Lungworm Infection

Climate change in the UK has caused the weather to become warmer and wetter. This change is good news for some parasites, such as ticks, fleas, and lungworm but bad news for us and our pets. Lungworm is near worldwide distribution and has spread accross much of the UK including the Midlands. Greater movement of pets in general (within the country and abroad) is another factor that has sparked the increase of this disease. You can check this interactive map to see how Nottingham is affected:

If you are a member of our Pet Care Plan then you need not worry- we cover lungworm prevention in our plan.

Can cats get lungworm?

Yes, they can but it is not the same lungworm that affects dogs, they have their own version called Aelurostrongylus abstrusus. It is rarely fatal but can cause breathing difficulties and coughing.

What is lungworm?

The Angiostrongylus Vasorum parasite, commonly referred to as lungworm, affects the lung tissue of dogs. Once infected, adult lungworms reside in their hearts and in the main blood vessels in the lungs, and as a result can cause a plethora of health issues, ranging from mild to fatal.

Ordinary slugs and snails found in your garden can carry the lungworm parasite. During the spring, summer and early autumn months when the weather is wet, dogs are prone to eating or interacting with slugs and snails, despite the foul-tasting substances that they release as a defense mechanism. Additionally, any contact with the slime trail that can be found on toys that are left out in the garden or outdoor food and water bowls, can also increase the risk of infection. Lungworm infections cannot be passed from dogs to dogs, but only through ingestion or contact with slug and snail hosts. Once a dog is infected, they pass the lungworm larvae in their faeces, and any slugs and snails that come into contact with the faeces will become infected with the parasite and so the cycle and spread of infection continues.

Those that are at a high risk of contracting lungworm are dogs that have a known tendency for eating slugs and snails and playful, inquisitive dogs under the age of three. However all dogs of all breeds and ages are vulnerable to the disease as it is pretty much impossible to avoid slugs and snails in the UK.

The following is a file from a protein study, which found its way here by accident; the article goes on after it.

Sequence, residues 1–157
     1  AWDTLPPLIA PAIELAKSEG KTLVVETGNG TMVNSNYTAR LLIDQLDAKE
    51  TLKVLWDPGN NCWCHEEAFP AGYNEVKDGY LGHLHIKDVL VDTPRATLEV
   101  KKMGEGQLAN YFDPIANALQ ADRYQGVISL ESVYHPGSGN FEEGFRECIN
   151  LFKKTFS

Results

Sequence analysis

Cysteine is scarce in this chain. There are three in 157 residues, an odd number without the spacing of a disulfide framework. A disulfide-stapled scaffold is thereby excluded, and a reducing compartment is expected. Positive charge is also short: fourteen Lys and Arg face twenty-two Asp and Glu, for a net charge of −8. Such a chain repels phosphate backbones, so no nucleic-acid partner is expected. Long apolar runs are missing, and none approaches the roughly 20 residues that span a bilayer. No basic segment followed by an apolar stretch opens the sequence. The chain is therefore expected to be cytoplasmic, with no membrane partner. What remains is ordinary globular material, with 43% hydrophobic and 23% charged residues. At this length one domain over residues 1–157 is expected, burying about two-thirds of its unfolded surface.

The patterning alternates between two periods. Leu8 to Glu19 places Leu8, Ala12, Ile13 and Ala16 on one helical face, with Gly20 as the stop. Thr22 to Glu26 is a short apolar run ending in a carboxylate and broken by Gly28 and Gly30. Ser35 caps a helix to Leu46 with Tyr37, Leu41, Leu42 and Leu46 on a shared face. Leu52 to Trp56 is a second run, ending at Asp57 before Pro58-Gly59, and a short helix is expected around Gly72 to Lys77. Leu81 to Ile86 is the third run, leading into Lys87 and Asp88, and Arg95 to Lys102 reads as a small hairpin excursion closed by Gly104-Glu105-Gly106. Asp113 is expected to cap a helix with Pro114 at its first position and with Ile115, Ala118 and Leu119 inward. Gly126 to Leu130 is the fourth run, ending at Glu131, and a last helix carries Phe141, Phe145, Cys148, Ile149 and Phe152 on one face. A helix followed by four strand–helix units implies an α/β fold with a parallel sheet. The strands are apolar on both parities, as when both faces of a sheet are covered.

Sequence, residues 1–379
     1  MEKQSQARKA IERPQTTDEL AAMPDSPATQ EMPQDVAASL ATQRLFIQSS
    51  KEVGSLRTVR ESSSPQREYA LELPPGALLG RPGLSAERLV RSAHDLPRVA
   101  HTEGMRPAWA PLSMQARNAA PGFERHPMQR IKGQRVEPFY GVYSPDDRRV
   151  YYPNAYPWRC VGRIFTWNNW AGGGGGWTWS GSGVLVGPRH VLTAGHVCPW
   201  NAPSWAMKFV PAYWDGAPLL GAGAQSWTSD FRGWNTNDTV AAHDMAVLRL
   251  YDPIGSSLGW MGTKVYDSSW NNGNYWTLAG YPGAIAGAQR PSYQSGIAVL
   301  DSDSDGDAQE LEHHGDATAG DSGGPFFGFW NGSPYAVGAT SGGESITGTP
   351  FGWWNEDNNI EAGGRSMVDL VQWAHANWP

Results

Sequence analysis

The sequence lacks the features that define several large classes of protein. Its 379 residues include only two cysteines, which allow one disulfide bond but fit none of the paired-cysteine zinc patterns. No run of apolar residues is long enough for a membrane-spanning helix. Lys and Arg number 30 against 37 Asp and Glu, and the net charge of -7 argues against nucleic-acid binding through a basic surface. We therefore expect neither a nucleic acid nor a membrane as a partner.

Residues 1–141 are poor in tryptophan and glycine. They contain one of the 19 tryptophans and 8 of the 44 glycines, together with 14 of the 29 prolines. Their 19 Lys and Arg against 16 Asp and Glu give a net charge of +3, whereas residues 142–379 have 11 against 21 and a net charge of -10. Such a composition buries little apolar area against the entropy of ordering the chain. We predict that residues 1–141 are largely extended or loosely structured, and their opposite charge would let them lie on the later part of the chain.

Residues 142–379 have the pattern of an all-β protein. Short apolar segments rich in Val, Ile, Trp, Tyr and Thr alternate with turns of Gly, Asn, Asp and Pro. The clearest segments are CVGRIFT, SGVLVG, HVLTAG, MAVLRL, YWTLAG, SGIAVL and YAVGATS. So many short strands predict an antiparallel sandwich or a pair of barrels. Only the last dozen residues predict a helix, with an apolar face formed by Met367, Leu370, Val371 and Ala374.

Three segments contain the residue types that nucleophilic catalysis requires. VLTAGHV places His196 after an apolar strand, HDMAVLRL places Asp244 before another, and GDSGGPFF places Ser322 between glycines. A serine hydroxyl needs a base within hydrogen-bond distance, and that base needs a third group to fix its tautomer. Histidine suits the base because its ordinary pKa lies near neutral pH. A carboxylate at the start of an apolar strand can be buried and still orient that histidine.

Effects of lungworm

After infection, lungworm usually causes progressively worsening signs of cardiac and respiratory disease, such as coughing (often during exercise); as well as causing bleeds (haemorrhages) in lungs, liver, intestine, eyes, and spinal cord, but also pretty much anywhere in the body. If left untreated, it can be fatal in severe cases.

It can be difficult to diagnose a lungworm infection because the symptoms are varied. They can include one or more of the following- diarrhoea, weight loss, lethargy, poor appetite, vomiting, stomach and back pain, breathing difficulties, coughing, persistent bleeding or poor blood clotting, and general sickness. Slight changes in your dog’s behaviour can be a sign of an infection, for example tiring easily and depression. It is a chronic disease that lasts months and even years, but can occasionally result in sudden deaths.

Diagnosis of a lungworm infection

An absolute diagnosis of lungworm involves a variety of diagnostic methods, such as blood samples for DNA analysis, microscopic examination of stool samples for eggs and larvae, chest X-rays and bronchoscopy.

Interestingly, not finding worms doesn’t mean your dog isn’t infected. Diagnosing lungworm infection is often based on history, compatible clinical signs and response to treatment.

What do I do if I think my dog has a lungworm infection?

If you feel that your dog has contracted lungworm, call your vet. Treatments for lungworm are easy to administer and available from your vet. Once a proper diagnosis is made and treatment is undertaken, most dogs are able to make a complete recovery. However, it is imperative to take action as early as possible, as advanced levels of infection can lead to significant permanent damage.

As the old adage says: prevention is better than cure!

If you are a member of our Pet Care Plan then you need not worry- we cover lungworm prevention in our plan.

Preventative treatment can be provided by your vet to prevent your dog from picking up lungworm and other types of parasitic fleas and worms.

To reduce contact with slugs and snails feeding outside should be avoided as much as possible when the weather is damp and avoid leaving your dog’s toys and bowls outside overnight.

If you have any concerns about lungworm our nursing team will be happy to help- call 0115 922 4855 to be lungworm aware.